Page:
This class will combine discussions of student work with writing exercises and readings in critical theory and psychology. We'll also read stories from published writers whose work serves a given discussion. We’ll talk about narrative approaches using psychic distance; fiction as dream; fiction as desire; the role of the unconscious; repetition and difference; and metaphor theory. Rather than cling to what we "know" in artful, literary fiction, I'm a firm believer in Cynthia Ozick's tenet: "When you write about what you don't know, this means you begin to think about the world at large. You begin to think beyond the home-thoughts. You enter dream and imagination...it's our will to enter the world...." The most grounded realism needs to enter the reader's mind like a dream. It needs to leave the reader a complete stranger to its world, even after they've finished reading. I want to get the class thinking about entering the broader world, about writing stories that don't ever leave their readers
How Does This American Life Do What They Do?-A Narrative Writing for Radio Course
Have you ever wondered how This American Life, RadioLab, The Moth, and other narrative radio shows/podcasts do what they do? Wonder no more. This course will teach you how to write and construct long-form narrative pieces from pitch to broadcast. We will listen to, analyze, write, and produce in the style of shows that have dominated the narrative form for decades: This American Life, Radiolab, Planet Money, and The Moth. You will also be introduced to emerging shows such as 99 Percent Invisible, Love + Radio, Strangers, Unfictional, Audio Smut, Snap Judgement, Radiotopia, The Organist, and many others. Students will learn practicalities; e.g., pitching these shows by using actual "call for stories" from This American Life and Snap Judgement; the fundamentals of how to record and mix stories using the latest digital editing technology; what narrative editors expect from freelancers; how to adapt a written piece for broadcast; what kinds of narrative internships are available; and, yes, how to negotiate what you'll be paid. We will also reflect on the theoretical and ethical considerations for this "Golden Age of Narrative Radio." We will ask questions such as: How do imposing narrative structures affect nonfiction storytelling? How do narrative shows deal with ethical missteps? What does it mean to have "a voice?" Does it matter who gets to tell the story? (Answer on the last question, "Yes." We'll discuss why.) Producers, editors, and freelancers for This American Life, Radiolab, and The Moth will visit the class to provide insight into their shows and answer student questions. The class will also take a field trip to WNYC, which houses Radiolab and other national shows. At the end of the semester, students will take over the Hudson Valley community station, WGXC, to broadcast their final projects.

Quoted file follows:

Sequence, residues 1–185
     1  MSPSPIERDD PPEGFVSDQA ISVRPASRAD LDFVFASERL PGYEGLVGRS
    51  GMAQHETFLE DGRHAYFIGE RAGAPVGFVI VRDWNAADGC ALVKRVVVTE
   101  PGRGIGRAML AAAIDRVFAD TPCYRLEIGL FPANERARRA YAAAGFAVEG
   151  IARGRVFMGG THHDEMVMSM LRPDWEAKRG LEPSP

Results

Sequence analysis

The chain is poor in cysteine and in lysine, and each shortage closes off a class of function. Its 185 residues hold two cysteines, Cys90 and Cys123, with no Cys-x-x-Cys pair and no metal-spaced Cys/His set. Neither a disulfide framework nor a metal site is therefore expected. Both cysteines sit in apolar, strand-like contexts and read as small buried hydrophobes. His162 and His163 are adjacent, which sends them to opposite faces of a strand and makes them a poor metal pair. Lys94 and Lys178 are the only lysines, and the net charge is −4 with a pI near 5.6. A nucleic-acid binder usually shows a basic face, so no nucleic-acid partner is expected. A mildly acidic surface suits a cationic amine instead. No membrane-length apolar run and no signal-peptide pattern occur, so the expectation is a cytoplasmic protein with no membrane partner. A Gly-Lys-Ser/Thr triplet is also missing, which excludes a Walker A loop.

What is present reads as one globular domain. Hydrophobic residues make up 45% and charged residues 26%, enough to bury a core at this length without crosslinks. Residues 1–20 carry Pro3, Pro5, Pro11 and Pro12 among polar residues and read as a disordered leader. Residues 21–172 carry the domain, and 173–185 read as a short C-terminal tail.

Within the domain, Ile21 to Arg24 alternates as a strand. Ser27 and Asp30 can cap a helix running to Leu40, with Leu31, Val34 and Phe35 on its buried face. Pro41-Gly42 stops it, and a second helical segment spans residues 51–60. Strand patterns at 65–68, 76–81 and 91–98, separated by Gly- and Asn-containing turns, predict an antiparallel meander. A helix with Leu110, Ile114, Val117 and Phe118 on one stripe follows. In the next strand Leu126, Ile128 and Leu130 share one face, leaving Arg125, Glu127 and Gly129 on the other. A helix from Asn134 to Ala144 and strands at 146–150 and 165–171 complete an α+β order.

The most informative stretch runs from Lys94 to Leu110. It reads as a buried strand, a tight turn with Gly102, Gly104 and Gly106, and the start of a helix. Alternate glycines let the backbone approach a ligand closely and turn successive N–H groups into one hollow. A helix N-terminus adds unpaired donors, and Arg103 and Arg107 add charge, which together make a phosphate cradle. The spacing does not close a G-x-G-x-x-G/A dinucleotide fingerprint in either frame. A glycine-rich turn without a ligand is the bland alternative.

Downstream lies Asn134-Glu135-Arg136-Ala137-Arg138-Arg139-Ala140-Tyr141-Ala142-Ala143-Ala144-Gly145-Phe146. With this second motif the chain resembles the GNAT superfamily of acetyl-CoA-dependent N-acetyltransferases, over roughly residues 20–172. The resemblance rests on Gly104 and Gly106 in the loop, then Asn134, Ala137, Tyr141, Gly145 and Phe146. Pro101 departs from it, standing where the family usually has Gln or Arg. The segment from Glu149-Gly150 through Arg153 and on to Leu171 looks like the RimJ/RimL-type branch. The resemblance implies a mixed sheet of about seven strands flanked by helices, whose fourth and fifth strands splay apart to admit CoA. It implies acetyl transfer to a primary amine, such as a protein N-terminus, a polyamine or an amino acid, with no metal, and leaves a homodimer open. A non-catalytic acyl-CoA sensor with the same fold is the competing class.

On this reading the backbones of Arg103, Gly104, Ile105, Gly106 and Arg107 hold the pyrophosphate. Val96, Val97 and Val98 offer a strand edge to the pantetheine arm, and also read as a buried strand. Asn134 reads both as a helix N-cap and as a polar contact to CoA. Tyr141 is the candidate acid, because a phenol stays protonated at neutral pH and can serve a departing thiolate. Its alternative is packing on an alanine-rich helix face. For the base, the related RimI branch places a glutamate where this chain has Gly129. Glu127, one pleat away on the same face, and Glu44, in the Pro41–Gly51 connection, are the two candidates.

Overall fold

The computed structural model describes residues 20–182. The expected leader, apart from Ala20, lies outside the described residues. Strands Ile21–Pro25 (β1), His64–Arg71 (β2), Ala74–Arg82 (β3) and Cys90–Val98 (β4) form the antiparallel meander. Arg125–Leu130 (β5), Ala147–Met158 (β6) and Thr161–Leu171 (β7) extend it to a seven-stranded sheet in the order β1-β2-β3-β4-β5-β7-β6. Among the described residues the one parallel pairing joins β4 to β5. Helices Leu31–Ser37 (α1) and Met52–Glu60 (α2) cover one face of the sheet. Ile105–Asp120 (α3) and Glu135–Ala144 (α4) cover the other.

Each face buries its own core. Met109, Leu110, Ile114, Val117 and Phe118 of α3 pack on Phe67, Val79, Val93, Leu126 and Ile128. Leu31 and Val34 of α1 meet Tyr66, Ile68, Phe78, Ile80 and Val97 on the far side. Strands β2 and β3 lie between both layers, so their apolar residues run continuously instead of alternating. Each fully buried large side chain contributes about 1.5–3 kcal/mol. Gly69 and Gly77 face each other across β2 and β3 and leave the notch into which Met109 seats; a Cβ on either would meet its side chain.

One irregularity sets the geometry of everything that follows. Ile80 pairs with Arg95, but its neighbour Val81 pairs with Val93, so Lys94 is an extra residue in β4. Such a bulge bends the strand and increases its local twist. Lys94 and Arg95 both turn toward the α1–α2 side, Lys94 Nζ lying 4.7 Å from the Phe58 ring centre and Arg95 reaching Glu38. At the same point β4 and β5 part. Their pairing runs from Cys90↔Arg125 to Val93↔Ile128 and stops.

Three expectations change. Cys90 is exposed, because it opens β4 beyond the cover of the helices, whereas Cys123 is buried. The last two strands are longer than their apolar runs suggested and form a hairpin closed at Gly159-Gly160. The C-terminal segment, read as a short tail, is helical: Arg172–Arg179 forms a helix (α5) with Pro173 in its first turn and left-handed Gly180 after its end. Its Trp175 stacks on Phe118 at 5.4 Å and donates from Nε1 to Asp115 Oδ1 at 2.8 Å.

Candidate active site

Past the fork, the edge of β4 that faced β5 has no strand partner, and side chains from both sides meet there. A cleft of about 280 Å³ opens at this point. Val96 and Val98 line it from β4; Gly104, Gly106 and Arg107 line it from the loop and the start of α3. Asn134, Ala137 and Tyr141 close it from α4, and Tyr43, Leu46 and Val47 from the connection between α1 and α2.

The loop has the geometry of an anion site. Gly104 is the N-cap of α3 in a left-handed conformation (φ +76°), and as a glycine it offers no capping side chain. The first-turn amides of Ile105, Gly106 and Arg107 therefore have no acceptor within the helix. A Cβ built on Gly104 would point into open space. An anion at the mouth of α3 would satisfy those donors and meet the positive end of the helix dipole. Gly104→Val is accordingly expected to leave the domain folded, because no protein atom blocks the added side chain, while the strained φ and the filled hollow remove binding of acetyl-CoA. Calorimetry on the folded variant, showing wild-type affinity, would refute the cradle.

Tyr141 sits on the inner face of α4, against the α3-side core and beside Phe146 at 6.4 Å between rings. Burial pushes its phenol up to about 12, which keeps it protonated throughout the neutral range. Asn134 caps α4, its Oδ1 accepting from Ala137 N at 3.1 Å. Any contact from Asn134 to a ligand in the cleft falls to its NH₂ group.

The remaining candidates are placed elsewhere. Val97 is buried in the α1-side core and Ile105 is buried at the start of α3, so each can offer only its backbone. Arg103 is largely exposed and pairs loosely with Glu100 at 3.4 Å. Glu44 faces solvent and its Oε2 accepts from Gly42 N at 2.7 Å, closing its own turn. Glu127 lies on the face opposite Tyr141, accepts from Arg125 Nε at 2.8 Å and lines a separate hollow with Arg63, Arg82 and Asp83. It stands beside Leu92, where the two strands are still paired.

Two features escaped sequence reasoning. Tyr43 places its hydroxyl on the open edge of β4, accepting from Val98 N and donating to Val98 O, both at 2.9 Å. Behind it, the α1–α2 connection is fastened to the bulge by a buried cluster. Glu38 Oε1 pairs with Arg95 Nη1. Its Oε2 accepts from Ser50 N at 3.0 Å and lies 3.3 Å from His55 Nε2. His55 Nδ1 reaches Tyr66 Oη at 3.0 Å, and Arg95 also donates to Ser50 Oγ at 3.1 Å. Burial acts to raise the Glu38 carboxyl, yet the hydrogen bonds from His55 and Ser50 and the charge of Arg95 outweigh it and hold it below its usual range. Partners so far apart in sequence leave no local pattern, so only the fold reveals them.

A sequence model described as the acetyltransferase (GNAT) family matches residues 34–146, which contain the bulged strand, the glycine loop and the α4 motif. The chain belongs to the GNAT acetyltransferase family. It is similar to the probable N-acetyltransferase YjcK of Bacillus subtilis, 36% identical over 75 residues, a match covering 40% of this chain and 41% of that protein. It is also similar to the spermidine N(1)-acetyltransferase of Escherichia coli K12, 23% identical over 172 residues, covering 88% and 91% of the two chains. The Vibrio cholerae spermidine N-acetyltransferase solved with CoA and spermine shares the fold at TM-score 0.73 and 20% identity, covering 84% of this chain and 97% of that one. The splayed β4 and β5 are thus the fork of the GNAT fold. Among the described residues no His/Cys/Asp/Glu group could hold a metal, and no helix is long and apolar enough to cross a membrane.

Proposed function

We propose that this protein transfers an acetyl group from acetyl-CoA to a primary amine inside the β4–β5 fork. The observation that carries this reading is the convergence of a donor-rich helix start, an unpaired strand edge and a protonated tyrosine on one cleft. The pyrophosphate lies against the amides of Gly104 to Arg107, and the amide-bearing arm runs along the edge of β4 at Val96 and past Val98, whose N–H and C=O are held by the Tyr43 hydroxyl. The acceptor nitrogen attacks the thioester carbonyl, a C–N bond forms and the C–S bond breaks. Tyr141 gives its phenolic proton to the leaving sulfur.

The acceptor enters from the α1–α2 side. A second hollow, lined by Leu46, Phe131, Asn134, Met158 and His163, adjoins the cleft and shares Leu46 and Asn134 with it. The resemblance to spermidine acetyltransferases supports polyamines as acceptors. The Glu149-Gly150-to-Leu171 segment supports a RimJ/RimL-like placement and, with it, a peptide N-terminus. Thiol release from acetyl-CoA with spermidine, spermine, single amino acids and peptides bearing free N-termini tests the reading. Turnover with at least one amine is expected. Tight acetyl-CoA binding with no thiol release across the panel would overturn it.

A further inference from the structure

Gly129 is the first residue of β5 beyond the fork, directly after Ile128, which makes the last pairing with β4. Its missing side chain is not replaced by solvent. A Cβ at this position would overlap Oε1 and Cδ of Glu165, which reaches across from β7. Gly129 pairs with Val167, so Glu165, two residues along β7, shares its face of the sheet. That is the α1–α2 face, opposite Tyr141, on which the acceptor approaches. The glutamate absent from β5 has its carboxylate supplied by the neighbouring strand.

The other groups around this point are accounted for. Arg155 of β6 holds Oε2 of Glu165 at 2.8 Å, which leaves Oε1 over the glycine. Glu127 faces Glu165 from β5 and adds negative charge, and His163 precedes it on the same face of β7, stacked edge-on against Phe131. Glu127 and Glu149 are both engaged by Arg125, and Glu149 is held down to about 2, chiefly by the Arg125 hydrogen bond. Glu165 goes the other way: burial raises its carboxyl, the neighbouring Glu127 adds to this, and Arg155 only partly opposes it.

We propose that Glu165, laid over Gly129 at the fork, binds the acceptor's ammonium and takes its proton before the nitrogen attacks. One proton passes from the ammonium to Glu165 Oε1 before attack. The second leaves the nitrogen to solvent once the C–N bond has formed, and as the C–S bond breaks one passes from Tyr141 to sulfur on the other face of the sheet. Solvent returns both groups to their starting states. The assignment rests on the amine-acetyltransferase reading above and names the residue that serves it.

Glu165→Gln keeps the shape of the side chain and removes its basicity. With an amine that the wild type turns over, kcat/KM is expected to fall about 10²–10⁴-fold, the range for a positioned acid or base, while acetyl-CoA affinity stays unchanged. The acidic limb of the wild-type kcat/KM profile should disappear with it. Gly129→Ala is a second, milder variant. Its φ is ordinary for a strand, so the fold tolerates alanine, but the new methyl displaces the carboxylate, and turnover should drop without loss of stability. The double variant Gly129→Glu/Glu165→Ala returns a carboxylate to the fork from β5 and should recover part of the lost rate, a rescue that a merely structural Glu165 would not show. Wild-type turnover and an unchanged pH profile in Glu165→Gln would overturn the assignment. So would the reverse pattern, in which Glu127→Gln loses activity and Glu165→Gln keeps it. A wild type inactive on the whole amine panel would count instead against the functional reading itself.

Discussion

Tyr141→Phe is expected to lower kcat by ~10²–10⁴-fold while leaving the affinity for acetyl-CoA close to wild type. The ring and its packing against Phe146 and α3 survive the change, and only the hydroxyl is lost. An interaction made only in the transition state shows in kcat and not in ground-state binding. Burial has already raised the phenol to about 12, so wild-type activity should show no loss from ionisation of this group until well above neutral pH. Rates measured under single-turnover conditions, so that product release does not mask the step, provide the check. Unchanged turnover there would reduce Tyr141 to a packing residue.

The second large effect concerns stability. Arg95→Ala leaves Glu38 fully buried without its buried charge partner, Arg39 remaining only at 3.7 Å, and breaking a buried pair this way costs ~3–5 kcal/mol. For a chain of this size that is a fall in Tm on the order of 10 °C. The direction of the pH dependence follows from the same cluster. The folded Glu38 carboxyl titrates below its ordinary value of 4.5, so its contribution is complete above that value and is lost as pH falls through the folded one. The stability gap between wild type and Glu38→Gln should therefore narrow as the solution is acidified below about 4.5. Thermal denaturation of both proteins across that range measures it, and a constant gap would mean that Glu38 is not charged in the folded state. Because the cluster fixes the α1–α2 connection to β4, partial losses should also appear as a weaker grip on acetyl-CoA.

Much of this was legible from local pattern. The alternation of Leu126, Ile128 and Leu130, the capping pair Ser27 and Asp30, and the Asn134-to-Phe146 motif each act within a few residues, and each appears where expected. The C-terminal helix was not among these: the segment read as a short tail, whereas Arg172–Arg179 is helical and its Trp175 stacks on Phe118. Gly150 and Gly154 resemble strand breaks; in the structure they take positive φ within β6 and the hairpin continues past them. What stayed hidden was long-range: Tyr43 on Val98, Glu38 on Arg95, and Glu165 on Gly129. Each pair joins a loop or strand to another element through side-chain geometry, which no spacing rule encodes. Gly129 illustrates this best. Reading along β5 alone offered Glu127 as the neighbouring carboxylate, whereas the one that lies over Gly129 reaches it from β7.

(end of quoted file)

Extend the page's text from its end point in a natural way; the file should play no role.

This class is open to all MFA students, including ones who have taken Ann Heppermann's audio fiction craft class.